This is a well-written and timely review of a topic that has recently become both complex to urologists and confusing to nonurologists. The authors discuss the physiology of prostate-specific antigen (PSA) and its role in a variety of clinical situations, highlighting the areas of proven utility and identifying areas of controversy.
The issue of PSA screening is not examined in this article, but the various sources of PSA are detailed, and the overlap of benign and malignant disease, the appropriate use of free- and bound-PSA values, and the benefits and limitations of ultrasensitive assays are emphasized. Further discussion of current methods to increase PSA sensitivity and specificity—such as the use of age-specific ranges, PSA velocity, and PSA density—and their role in cancer diagnosis, would also have been helpful.
Uses and Limits of PSA Measurement
The authors correctly point out that PSA is an excellent marker of disease activity following definitive local therapy, but there is still considerable debate as to the most appropriate value at which to initiate further investigation and therapy once an elevation has developed. PSA is clearly useful in distinguishing local from distant recurrence, and the authors describe a variety of techniques to improve accuracy, including ultrasensitive assays, formulas, rate of rise, timing of elevation, and correlation with Gleason grade. What is apparent is the stark contrast between the effectiveness of PSA as a marker of disease activity and the lack of useful imaging techniques to further define this clinical situation.
Moreover, the role of PSA as a surrogate marker of survival in advanced disease following hormonal therapy or secondary radiation therapy for local recurrence after surgery is unproven. No randomized study has yet confirmed a survival advantage for patients who achieve a PSA nadir post-radiation therapy following surgical failure. If one looks at the experience in metastatic disease, the use of PSA as a survival marker is even more questionable. In the largest randomized study of complete androgen blockade to date, a significant number of patients with metastatic disease normalized their PSA at 3 months following an orchiectomy plus antiandrogen therapy vs orchiectomy alone. However, this did not translate into a significant survival advantage.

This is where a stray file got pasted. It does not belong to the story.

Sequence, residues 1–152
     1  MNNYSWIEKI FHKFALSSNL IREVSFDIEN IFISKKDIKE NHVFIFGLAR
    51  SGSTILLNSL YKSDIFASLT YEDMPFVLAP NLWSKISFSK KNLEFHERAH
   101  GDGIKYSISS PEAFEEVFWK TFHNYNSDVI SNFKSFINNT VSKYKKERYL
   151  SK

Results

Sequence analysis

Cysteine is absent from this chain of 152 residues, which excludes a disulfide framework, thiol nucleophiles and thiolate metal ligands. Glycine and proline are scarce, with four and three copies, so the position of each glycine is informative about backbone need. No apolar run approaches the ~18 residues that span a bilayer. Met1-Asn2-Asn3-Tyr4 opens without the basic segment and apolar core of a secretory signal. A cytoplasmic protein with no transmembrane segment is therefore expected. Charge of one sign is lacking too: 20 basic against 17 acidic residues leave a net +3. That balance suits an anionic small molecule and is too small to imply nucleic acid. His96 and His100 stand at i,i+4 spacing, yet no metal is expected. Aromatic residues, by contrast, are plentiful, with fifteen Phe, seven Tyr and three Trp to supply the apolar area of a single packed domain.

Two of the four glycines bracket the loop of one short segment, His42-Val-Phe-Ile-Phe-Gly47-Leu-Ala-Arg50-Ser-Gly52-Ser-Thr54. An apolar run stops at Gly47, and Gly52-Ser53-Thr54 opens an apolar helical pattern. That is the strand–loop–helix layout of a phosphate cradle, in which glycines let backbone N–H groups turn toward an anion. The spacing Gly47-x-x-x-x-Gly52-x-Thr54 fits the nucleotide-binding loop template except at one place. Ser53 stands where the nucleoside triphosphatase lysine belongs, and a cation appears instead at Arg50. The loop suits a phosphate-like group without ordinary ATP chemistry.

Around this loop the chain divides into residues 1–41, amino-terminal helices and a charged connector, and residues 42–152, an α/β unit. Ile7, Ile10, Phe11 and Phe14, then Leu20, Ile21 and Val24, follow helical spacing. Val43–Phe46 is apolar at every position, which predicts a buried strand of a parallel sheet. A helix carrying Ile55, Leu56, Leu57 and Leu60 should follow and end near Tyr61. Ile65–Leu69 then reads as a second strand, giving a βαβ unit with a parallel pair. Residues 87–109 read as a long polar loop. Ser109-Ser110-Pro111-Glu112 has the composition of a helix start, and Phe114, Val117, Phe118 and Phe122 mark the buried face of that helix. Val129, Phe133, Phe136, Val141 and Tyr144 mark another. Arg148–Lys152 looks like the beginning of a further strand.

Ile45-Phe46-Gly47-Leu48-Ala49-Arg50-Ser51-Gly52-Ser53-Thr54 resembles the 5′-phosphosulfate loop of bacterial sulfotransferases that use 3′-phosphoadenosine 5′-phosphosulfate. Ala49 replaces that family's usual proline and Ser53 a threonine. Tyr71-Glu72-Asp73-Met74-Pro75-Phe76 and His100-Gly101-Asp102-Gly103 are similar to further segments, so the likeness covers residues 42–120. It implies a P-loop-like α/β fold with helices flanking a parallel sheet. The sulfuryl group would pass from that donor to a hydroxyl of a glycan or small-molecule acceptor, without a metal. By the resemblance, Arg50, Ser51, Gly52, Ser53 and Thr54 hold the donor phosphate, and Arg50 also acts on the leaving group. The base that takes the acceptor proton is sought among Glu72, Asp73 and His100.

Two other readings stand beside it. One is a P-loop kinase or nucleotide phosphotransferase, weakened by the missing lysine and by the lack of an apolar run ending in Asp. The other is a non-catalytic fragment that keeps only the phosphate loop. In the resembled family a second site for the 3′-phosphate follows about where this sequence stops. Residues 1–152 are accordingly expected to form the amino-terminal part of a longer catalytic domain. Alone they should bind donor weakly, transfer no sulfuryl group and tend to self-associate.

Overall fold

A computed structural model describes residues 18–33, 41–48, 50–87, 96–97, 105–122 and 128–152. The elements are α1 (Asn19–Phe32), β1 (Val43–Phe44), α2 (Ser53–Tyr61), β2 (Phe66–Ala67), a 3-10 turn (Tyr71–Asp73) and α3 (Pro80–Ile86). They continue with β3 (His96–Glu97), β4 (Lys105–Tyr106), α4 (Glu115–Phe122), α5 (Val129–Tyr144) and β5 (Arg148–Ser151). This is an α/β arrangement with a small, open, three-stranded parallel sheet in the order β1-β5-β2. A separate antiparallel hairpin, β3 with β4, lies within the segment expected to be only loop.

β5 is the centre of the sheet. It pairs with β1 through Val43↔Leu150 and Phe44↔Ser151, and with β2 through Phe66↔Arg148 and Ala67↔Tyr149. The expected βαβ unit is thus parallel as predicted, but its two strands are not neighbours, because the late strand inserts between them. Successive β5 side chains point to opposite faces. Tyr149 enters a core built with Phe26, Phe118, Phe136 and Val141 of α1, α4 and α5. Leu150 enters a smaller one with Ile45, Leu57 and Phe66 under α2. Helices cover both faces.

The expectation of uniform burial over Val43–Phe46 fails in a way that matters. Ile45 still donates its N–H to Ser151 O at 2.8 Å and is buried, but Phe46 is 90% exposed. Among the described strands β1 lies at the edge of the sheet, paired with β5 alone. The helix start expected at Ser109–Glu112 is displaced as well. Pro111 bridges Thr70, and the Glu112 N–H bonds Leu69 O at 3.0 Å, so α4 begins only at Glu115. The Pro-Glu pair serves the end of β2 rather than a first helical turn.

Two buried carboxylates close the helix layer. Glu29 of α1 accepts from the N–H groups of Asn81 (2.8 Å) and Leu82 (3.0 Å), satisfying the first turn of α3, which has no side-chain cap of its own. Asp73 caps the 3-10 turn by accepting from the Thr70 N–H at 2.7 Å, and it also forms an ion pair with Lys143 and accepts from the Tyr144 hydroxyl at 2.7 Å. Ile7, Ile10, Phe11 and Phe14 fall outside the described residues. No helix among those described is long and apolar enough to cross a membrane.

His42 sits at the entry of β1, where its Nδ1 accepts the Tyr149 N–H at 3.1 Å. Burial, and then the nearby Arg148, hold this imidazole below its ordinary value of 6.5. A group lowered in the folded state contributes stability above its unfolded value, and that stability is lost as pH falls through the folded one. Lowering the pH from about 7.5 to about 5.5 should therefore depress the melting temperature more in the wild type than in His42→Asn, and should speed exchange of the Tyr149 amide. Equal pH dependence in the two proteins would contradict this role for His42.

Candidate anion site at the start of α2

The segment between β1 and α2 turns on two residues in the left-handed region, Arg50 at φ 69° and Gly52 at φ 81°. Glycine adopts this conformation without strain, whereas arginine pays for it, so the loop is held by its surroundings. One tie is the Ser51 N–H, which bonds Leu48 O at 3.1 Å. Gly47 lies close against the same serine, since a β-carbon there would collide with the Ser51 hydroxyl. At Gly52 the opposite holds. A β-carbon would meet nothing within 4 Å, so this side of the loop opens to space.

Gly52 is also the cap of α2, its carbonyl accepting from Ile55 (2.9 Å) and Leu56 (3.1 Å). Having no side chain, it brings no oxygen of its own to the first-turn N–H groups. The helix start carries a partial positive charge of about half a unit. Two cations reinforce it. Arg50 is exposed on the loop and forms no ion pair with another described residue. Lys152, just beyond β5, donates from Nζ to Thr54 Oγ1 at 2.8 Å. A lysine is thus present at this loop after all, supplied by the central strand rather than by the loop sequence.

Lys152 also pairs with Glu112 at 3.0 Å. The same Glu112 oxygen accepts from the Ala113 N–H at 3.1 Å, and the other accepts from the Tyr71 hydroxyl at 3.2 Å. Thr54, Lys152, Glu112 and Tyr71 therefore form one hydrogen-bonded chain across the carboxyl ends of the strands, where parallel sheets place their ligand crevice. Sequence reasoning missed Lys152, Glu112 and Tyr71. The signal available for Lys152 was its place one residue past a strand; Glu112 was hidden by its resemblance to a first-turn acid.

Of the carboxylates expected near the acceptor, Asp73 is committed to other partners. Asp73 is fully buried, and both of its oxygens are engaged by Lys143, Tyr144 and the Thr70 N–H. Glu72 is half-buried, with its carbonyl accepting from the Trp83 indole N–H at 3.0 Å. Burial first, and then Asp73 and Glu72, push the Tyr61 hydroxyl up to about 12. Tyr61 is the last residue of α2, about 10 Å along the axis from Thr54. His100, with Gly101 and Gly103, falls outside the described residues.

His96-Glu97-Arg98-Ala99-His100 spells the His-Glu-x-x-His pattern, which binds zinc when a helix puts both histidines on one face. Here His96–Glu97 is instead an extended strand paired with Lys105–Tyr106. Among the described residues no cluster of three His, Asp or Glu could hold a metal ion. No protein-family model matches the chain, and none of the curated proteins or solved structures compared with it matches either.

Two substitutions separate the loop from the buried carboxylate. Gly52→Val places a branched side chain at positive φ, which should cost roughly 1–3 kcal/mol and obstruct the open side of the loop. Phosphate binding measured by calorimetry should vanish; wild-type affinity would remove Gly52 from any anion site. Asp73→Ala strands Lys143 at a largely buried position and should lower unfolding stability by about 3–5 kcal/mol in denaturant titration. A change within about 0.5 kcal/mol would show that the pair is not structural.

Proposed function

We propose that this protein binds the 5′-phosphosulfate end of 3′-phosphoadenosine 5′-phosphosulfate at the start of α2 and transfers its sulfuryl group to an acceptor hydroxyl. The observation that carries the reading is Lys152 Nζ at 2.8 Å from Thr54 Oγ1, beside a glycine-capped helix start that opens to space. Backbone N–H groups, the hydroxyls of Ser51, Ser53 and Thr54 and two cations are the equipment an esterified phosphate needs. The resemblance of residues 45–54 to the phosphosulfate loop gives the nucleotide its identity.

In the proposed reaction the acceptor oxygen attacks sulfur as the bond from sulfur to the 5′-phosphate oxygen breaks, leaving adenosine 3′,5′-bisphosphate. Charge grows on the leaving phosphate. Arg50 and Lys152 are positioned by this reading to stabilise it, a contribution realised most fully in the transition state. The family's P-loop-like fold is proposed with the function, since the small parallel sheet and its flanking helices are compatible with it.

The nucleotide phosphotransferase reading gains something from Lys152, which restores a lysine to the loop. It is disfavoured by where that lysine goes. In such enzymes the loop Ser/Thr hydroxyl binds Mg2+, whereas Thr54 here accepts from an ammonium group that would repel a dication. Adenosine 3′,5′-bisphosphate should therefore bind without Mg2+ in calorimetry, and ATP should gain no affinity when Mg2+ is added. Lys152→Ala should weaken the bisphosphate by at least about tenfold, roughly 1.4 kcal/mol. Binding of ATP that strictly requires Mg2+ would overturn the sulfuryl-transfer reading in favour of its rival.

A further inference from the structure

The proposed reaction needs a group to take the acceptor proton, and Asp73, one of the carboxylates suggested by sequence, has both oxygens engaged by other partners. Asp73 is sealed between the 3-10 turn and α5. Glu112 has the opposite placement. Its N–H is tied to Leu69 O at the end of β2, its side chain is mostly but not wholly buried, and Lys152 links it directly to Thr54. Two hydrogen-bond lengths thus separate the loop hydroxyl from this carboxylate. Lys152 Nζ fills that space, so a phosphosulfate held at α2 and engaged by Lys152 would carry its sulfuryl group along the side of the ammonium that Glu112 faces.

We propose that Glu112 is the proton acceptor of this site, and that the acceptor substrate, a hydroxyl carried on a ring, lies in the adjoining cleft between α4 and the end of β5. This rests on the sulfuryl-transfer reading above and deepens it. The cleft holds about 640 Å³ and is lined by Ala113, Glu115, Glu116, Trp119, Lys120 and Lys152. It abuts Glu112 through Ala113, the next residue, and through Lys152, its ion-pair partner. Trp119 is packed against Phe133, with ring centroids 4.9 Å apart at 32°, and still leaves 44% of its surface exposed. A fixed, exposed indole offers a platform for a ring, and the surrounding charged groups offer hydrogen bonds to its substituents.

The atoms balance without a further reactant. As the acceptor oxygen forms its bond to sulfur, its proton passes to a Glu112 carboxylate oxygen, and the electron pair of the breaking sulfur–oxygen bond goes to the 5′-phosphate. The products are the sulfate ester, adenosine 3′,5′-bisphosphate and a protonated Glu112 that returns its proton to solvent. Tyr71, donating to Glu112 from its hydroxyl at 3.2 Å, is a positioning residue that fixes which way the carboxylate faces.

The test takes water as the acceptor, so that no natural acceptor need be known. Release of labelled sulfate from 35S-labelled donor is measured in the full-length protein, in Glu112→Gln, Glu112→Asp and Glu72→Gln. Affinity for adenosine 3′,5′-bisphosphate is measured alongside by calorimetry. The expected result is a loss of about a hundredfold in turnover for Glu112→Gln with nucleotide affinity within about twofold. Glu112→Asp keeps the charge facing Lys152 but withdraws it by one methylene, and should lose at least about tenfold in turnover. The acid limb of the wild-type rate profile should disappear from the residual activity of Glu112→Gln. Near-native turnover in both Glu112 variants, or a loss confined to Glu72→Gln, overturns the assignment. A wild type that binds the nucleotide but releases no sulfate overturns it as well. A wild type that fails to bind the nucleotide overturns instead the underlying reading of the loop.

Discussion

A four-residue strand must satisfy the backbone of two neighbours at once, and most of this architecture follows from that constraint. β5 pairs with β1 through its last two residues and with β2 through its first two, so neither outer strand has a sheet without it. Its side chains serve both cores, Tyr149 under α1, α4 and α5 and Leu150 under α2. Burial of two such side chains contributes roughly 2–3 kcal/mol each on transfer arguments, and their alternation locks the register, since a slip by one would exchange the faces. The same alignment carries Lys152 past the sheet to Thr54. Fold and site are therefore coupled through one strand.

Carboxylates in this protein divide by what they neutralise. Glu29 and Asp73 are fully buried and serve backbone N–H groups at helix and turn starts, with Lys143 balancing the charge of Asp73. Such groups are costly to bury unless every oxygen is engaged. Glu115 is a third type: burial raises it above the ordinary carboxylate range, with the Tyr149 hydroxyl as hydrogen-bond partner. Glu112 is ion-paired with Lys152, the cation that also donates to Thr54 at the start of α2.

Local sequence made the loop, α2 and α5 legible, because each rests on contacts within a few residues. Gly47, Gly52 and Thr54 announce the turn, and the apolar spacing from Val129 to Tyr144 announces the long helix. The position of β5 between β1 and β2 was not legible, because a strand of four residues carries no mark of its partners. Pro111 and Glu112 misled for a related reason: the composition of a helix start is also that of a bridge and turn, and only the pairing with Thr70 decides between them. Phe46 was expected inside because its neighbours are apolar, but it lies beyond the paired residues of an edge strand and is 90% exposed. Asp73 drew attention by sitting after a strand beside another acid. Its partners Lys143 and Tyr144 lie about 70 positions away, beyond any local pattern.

Although there is no doubt that PSA is very effective in identifying disease progression at any stage, should our focus be on the development of more sensitive markers of progression, methods to prevent progression, or at least more effective therapy for such progressions? Earlier identification has not yet translated into improved survival, and in view of the documented long natural history of this disease, does every recurrence require treatment? In order to answer these questions, we will either have to wait a long time or develop better surrogate markers of survival.
PSA Monitoring Postradiotherapy
The role of PSA in monitoring patients after surgery or radiation therapy is discussed in detail and well summarized. But the reader is struck by the obvious disparity between defining a recurrence following surgery and one following irradiation. The identification of a radiation failure appears to be after the fact, requiring at least three rises in PSA 3 to 4 months apart, and then claiming the time to recurrence as the midpoint between the nadir and the first of three consecutive rises. This may be acceptable today, given that there is no definitive curative therapy in such circumstances. If an effective therapy is developed, this definition will clearly have to be revised, because the resultant delay in declaring a radiation failure could have a negative impact on outcome.
Once again, considerable effort has gone into identifying patients who are likely to fail radiation therapy both before and after therapy. As in surgical series, PSA, PSA doubling time, nadir, Gleason grade, and clinical stage are used to determine low- and high-risk groups.
Hormones and Radiation
Finally, the role of hormonal therapy in high-risk patients undergoing radiation therapy is discussed. [Editor’s note: Part 2 of the article by Partin et al, to appear in the September issue of ONCOLOGY, will more fully explore the use of PSA monitoring in prostate cancer patients receiving hormonal therapy.] The first trial, RTOG 8610, examined the use of neoadjuvant hormonal therapy during radiation therapy (4 months total) vs radiation alone. Although this study showed an improvement in overall survival in the combined-therapy arm, it was only seen in patients with well-differentiated (Gleason 2-6) tumors—a finding that is confusing and may demonstrate the problems of using subset analysis.
The second study mentioned is RTOG 9202, which compared neoadjuvant and adjuvant hormonal therapy plus radiation therapy vs neoadjuvant hormonal therapy plus irradiation alone. With a median follow-up of 5 years, a benefit in overall survival has not been shown, but subset analysis and comparison with other studies does suggest a benefit in patients with higher Gleason grades. Once again, these results must be interpreted with great caution, because the comparison of the overall groups within the study failed to show an overall survival benefit. Longer follow-up will hopefully settle the issue.
Overall, this is a very informative article highlighting the benefits and pitfalls of PSA assessment in the management of prostate cancer; it clearly defines the state of the art.